Do You Want to Practice in a Foreign Jurisdiction?

Vol. 16 No. 7

By

Alma Zuniga is a staff attorney with Northwest Justice Project in Yakima, WA.

Have you ever considered practicing in a foreign jurisdiction? You must first perform research to determine whether it is a possibility. Begin your research at The Law Society of England and Wales. There you can obtain general information about a particular foreign jurisdiction. You will also find links to foreign jurisdiction admissions offices, if applicable.

If you do not have the time or resources to devote to getting fully licensed in a foreign jurisdiction, you may still be able to practice abroad with limitations. A select number of foreign bars or law societies will allow foreign lawyers to practice, but they may limit who the lawyer may represent, the matters they may handle, or the time the lawyer may practice in the jurisdiction. The bar may also require you to associate with local counsel.

Some nations have individual state or provincial bars; but, international applicants will have to have their credentials assessed by a national organization for compliance with the nation's standards for legal education. For example, applicants to Australian or Canadian bars will need to have their credentials assessed by such a national organization. These organizations state on their websites that applicants will likely need to apply to local law schools because most applicants' coursework does not satisfy national requirements.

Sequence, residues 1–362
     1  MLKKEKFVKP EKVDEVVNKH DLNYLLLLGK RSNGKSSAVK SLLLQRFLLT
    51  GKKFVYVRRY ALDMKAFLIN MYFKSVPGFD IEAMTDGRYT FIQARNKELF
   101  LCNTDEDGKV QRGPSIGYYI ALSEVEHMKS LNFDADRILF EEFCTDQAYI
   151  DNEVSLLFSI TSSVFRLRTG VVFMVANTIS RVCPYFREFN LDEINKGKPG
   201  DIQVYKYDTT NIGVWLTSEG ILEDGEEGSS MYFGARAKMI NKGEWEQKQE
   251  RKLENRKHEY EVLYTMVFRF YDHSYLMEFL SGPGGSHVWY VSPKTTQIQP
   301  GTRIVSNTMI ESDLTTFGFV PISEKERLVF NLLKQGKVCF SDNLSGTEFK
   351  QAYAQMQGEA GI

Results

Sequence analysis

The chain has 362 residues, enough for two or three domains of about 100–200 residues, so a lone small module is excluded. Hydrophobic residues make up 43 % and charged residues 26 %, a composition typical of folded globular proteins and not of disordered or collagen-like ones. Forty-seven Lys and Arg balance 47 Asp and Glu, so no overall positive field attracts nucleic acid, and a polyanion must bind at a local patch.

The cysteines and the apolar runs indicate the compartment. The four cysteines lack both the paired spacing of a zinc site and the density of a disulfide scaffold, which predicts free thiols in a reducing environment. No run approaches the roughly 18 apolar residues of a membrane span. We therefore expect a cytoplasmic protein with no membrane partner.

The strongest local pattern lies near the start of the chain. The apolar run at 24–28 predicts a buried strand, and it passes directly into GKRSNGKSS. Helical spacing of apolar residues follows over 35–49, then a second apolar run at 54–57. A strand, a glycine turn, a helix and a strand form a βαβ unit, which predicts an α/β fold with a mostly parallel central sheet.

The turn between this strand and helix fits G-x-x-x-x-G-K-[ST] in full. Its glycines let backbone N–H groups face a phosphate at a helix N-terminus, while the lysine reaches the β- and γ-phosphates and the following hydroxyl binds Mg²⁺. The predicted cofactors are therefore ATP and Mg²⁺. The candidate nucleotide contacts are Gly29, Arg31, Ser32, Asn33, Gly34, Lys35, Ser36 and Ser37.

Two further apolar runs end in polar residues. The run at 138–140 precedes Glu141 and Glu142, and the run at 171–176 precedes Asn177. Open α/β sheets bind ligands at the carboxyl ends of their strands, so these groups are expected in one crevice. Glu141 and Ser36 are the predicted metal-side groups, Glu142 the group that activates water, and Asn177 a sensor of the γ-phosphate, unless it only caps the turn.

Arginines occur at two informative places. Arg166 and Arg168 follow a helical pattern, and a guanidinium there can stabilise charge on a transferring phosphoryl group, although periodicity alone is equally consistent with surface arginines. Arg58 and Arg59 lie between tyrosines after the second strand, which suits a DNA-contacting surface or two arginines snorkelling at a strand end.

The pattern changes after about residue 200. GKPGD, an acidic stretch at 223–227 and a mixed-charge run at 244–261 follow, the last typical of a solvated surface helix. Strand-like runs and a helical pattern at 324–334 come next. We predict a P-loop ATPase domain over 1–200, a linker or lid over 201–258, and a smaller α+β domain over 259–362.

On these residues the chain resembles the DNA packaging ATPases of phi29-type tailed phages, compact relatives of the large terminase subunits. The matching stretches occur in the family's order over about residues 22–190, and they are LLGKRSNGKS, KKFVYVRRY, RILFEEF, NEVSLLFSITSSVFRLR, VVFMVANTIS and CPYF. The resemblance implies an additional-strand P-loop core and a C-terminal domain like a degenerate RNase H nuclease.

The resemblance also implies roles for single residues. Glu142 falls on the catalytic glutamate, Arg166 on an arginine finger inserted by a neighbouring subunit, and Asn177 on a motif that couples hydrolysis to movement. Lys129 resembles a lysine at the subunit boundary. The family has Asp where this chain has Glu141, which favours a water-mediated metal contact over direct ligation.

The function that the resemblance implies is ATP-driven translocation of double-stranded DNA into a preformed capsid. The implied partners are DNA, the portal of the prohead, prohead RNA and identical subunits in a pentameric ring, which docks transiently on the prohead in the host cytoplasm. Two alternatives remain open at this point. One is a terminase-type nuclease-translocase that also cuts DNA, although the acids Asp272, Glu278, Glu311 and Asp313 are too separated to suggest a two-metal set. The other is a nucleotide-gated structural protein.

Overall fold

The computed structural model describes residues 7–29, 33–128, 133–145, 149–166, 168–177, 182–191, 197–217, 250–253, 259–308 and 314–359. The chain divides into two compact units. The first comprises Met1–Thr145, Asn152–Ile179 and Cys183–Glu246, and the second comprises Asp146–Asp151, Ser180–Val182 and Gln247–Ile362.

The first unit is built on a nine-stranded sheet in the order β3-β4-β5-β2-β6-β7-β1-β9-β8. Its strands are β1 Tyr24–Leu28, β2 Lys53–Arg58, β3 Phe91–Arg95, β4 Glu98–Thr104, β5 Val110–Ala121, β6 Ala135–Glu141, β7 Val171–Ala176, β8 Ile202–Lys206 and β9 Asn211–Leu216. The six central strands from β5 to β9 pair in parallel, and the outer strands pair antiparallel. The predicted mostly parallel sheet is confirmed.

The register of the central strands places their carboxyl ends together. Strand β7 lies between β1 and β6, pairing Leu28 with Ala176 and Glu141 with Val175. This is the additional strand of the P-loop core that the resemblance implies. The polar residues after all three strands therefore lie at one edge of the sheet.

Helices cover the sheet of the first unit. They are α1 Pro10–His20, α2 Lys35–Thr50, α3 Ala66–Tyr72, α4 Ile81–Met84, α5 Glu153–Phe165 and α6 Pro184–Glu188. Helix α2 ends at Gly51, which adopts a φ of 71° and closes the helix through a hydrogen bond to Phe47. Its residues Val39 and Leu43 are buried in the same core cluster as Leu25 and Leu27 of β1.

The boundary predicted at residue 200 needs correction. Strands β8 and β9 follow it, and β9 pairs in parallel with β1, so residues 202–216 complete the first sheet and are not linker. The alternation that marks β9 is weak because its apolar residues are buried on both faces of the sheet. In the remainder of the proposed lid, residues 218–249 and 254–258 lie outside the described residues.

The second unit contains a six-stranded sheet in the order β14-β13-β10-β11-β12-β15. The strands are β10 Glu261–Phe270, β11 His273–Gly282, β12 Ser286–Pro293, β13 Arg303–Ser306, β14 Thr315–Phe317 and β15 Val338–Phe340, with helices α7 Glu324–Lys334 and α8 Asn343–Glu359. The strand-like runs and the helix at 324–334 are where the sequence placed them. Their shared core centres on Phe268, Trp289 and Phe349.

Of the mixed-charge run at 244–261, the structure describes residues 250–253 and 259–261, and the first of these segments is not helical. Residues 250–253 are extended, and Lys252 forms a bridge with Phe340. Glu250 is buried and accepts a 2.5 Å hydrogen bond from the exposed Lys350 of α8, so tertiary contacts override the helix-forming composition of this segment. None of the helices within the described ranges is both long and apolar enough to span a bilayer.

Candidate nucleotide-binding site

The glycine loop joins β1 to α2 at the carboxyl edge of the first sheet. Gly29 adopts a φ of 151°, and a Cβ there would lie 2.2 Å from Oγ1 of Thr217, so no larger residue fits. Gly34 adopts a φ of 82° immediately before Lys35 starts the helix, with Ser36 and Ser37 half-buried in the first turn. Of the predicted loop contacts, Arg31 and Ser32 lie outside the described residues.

After your coursework is completed, apply to your state or province of interest. While the background checks are similar to bars in the United States, you may have to take a bar course or serve an apprenticeship for up to a year. However, many jurisdictions have exemptions for lawyers with foreign bars and practice experience. You may have to provide your academic transcript and proof of experience.

One aspect of the process that may accelerate or decelerate your application time are the jurisdictions involved in your licensing request. Applicants applying from similar jurisdictions (e.g., Common Law to Common Law or Civil Law to Civil Law) may have greater success receiving exemptions from mandatory requirements than applicants trying to transition to a different type of jurisdiction. Many jurisdictions practice civil law, while several other jurisdictions practice common law. Others practice religious law, and yet another group practices a hybrid of civil, common, or religious laws.

Foreign jurisdiction practice is attainable; but, you must be diligent about your research and carefully meet the particular requirements of the jurisdiction.

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